“If patients become malnourished, they lose their resistance and their organs can suffer,” he wrote in “Treatment of Taste Alterations in Chemotherapy Patients Using the ‘Miracle Fruit’: Preliminary analysis of a pilot study” (American Society of Clinical Oncology, 2010). He concluded: “Miracle Fruit is safe for use in patients undergoing chemotherapy. In our preliminary analysis, the response to the miracle fruit appears encouraging.”
Did you see an increase in the well-being of cancer patients who used the berry during treatment, and was there a correlation with longer life?
In the study, we did explore the quality of life. The results showed that the quality of life was improved if taste improved. We didn’t examine the impact on length of life because the study was done only over a seven-week interval.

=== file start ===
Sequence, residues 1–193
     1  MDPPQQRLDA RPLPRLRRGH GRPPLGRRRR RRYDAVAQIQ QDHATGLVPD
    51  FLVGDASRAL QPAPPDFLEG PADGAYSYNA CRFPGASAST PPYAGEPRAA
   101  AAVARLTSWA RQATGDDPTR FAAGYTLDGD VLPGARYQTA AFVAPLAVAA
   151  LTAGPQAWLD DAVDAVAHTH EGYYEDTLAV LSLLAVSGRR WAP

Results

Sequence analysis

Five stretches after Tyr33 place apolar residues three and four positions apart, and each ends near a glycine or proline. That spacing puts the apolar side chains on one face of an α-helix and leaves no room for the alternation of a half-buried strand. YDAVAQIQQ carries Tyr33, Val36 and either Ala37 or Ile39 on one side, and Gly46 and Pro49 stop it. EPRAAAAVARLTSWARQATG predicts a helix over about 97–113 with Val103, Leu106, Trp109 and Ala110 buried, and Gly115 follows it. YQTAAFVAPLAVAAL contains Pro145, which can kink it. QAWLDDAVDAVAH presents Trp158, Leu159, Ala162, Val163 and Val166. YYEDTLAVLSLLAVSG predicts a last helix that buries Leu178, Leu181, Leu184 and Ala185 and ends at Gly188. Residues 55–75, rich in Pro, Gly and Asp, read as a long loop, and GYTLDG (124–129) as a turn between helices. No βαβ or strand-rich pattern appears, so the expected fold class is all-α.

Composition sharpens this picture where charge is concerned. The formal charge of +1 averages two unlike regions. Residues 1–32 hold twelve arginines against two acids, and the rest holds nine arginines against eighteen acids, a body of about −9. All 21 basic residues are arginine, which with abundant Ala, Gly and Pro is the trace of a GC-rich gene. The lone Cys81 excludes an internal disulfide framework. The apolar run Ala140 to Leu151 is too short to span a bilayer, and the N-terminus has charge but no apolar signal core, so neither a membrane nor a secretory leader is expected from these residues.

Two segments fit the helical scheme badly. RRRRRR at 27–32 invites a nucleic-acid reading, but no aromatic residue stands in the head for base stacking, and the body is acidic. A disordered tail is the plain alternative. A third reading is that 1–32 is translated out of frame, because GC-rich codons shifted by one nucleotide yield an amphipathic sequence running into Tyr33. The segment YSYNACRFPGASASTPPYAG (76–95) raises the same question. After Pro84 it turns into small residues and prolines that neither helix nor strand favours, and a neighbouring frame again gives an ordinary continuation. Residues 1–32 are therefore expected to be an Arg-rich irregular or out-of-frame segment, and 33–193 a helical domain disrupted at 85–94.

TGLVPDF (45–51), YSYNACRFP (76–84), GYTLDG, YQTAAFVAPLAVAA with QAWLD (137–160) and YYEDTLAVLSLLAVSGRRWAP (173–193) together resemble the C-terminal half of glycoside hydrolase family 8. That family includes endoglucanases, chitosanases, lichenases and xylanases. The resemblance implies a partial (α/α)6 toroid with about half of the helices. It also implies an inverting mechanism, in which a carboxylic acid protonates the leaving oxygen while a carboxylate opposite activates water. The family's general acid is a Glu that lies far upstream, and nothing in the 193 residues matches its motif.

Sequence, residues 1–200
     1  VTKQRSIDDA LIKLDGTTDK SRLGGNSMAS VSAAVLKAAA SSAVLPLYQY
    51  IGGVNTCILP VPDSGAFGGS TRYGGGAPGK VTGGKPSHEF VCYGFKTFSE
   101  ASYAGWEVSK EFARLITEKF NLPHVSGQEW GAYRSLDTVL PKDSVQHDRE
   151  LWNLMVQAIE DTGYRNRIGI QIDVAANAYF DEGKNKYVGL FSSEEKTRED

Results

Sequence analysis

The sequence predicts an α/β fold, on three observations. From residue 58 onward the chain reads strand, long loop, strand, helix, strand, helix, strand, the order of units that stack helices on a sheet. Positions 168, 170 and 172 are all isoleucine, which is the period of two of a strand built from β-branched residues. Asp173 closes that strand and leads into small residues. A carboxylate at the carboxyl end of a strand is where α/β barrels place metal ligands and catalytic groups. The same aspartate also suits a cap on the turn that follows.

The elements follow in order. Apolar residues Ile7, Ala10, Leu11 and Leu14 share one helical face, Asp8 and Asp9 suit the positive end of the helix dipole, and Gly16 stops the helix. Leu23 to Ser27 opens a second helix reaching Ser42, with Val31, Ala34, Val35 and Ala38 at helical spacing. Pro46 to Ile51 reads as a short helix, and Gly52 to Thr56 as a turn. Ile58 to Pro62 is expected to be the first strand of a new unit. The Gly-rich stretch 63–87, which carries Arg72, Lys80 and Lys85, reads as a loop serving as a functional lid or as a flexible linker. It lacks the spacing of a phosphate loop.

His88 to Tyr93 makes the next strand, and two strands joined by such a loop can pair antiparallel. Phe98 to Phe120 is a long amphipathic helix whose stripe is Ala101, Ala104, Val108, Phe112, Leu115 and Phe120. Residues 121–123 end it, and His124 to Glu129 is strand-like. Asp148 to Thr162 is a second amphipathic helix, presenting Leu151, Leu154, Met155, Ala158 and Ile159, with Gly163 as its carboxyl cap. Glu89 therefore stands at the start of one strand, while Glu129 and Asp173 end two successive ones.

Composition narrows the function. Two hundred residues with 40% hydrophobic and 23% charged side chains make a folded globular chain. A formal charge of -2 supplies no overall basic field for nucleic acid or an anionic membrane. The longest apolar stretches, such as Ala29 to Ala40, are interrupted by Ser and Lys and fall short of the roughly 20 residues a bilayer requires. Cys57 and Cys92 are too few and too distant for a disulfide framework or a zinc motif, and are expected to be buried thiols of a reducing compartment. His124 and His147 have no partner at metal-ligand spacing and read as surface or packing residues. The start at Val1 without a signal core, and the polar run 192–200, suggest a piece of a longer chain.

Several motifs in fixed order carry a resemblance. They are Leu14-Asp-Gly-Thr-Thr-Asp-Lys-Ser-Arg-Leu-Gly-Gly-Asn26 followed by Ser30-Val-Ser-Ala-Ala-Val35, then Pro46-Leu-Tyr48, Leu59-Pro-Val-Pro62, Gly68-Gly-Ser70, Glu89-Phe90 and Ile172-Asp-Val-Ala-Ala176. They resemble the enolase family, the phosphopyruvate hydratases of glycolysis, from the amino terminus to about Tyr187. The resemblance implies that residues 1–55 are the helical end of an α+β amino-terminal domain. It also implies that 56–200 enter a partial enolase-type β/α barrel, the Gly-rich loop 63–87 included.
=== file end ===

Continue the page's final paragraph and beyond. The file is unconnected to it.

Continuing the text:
What other dietary and lifestyle recommendations would you include for people to enhance their quality of life and/or their longevity?
This is a question that is quite lengthy to answer but in general, for cancer patients, there are several studies that have shown that a healthy diet does make a difference in length of life even after a diagnosis of cancer. I have been invited to give lectures on how we can aid in treating cancer at the grocery store by eating more fruits and vegetables and avoiding additives, as well as increasing exercise and losing weight.
What motivated or inspired you to focus on integrative medical care with cancer patients?
When I realized that over 75 percent of cancer patients used or explore alternative therapies and that I was not well informed from the medical point of view about this, I decided to pursue a two-year fellowship in integrative medicine.